Christine Spencer-Green was born in Vienna. She moved to the UK in 1981 and settled in Cornwall in 1992, founding the Treruffe Art Studios in Redruth. She studied at Falmouth College of Art and has exhibited widely throughout Cornwall, York and Bristol. Christine's art is influenced by the quality of light and space unique to Cornwall. Her paintings evolve, dreamlike, changing mysteriously and almost finding their own way through reveries of visual moments in her studio.
Selected for the Open Art Exhibition (2010) held at NAG to launch the fourth annual Newlyn Arts Festival.
Born Nancy SHARP in Truro, she attended the Slade School of Art, where she met her first husband, William Coldstream, with whom she had two daughters. In the late 1930s she had an affair with Louis MacNeice, illustrating two of his books and partially inspiring Autumn Journal.
During the Second World War she worked as an ambulance driver, and married Michael Spender, brother of the poet Stephen Spender. Their son Philip was born in 1943. Michael was killed during the last week of the war, and Nancy never remarried. She worked as an art teacher after the war.
The son of John Francis SPENLOVE-SPENLOVE (Frank), he was identified in his father's biography as 'John' Francis, and listed as a member of STISA. His wife, Billie, was also his model. The Francis Raymond Spenlove who was a member of STISA (1927-28) and exhibited a series of drawings of Old St Ives in 1922, also exhibited at the 1924 Show Day, and was a founder member of STISA (1927-8). He served on the STISA Committee in St Ives.
In a 1924 Show Day news item the reviewer comments that Mr Francis Spenlove was not showing as he had already sent his pictures to London: "He has made rapid strides during the past year." F R Spenlove is also listed as exhibiting at NAG in December of 1925 and July 1926. Whybrow comments that he signed some of his work in the name of Francis Raymond, and Tovey explains that up until 1923 this signature was to distinguish himself from his father in terms of exhibiting. He and his wife, Billie, used the FR signature for these purposes, and then progressed this to Francis Raymond Spenlove.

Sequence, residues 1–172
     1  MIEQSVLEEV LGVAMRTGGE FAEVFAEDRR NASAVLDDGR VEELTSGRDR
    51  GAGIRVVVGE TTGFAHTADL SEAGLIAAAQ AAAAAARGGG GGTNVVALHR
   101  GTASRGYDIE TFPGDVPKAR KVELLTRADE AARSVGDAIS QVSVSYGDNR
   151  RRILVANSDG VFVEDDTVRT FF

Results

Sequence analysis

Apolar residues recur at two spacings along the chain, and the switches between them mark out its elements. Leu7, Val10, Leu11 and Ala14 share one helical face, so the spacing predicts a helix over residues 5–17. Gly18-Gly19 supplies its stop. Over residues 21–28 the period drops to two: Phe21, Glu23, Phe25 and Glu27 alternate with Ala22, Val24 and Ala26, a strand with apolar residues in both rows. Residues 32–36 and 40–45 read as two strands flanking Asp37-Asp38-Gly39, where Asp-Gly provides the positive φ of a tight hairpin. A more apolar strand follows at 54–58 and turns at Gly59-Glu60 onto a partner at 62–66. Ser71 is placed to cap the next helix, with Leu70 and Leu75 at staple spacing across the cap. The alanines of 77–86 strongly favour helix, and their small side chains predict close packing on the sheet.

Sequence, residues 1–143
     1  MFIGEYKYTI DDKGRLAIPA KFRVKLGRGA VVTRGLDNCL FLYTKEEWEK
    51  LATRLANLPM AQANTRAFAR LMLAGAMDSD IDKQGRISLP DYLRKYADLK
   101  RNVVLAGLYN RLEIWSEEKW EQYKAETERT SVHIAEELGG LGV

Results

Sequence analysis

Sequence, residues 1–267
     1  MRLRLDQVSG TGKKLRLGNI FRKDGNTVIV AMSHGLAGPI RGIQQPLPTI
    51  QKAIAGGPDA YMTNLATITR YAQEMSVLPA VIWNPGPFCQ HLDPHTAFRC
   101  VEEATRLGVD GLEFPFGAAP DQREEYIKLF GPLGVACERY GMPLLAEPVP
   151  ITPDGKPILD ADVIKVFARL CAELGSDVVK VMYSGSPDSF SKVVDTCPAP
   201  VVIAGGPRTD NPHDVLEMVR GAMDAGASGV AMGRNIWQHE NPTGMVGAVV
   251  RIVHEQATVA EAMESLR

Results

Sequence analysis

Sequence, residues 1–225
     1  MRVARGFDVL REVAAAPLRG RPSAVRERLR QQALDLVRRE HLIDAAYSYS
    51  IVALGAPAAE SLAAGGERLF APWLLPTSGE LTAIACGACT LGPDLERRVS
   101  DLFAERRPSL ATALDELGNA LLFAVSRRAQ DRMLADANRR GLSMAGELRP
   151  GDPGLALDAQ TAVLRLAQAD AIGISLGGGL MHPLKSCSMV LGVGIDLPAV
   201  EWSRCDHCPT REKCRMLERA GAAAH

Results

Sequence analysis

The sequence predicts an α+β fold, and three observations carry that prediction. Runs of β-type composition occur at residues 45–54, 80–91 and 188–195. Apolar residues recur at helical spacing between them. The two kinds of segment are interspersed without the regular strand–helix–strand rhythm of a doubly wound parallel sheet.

He stopped painting altogether in the early 1930s to create a horticultural centre at nearby Madron, where he employed Conscientious Objectors as assistants.
Born in Bridge of Allan, nr Stirling, Scotland on 24 February, 1864 (GRO), he studied in London, Paris and Antwerp, and his landscapes were often of subjects painted in Suffolk, Holland, or in Kent where he established the Spenlove School of Modern Landscape Art in 1896 (known as the Yellow Door School, Beckenham), where he offered both private tuition in the studio, or by correspondence.
Later the School moved to Victoria Street, London (c1919). From 1885-93, his sending-in address was Shortlands (Kent), his subject 'figures', and he had exhibited 57 works in that period. (Graves). Before his School opened, he must have spent some time in West Cornwall, as Bednar finds a painting with a Newlyn title in 1894. The artist married Clara Florence King, and had three children, Adelaide, Theodora and Algernon Francis Raymond SPENLOVE-SPENLOVE, the latter becoming an artist called Frank SPENLOVE as well. There is an article about the much better known Frank Spenlove, Senior, in The Artist (1932), a few months before his death; by this time, his son had quit painting. Frank died on 30 April, 1933, age 67 (GRO) in London.
Diane Spiers is a visual artist and member of Lands End School of Art, with an extensive background in Community Arts, Health, Education and Heritage Interpretation. She is a trained teacher, therapist and facilitator with experience of working with a broad range of ages and abilities, and has specialist skills in working with mental health, disability and inclusion. Diane offers courses ini printmaking, drawing, painting and heritage linked arts and crafts.
Spittle came from Birmingham to Cornwall in 1913. Working previously as a figure painter, when he moved to Carbis Bay near St Ives, he turned his hand to marine painting. His working studio was 6, Piazza in St Ives, and he engaged in community art activities (see Tovey).
At Show Day March 1914 the St Ives Times reported that the artist had engaged in figure work before coming to the town. He exhibited at the 1916 Show Day as well.
His early death at the age of 59 came suddenly and unexpectedly, and the artist is buried at St Uny churchyard, Lelant.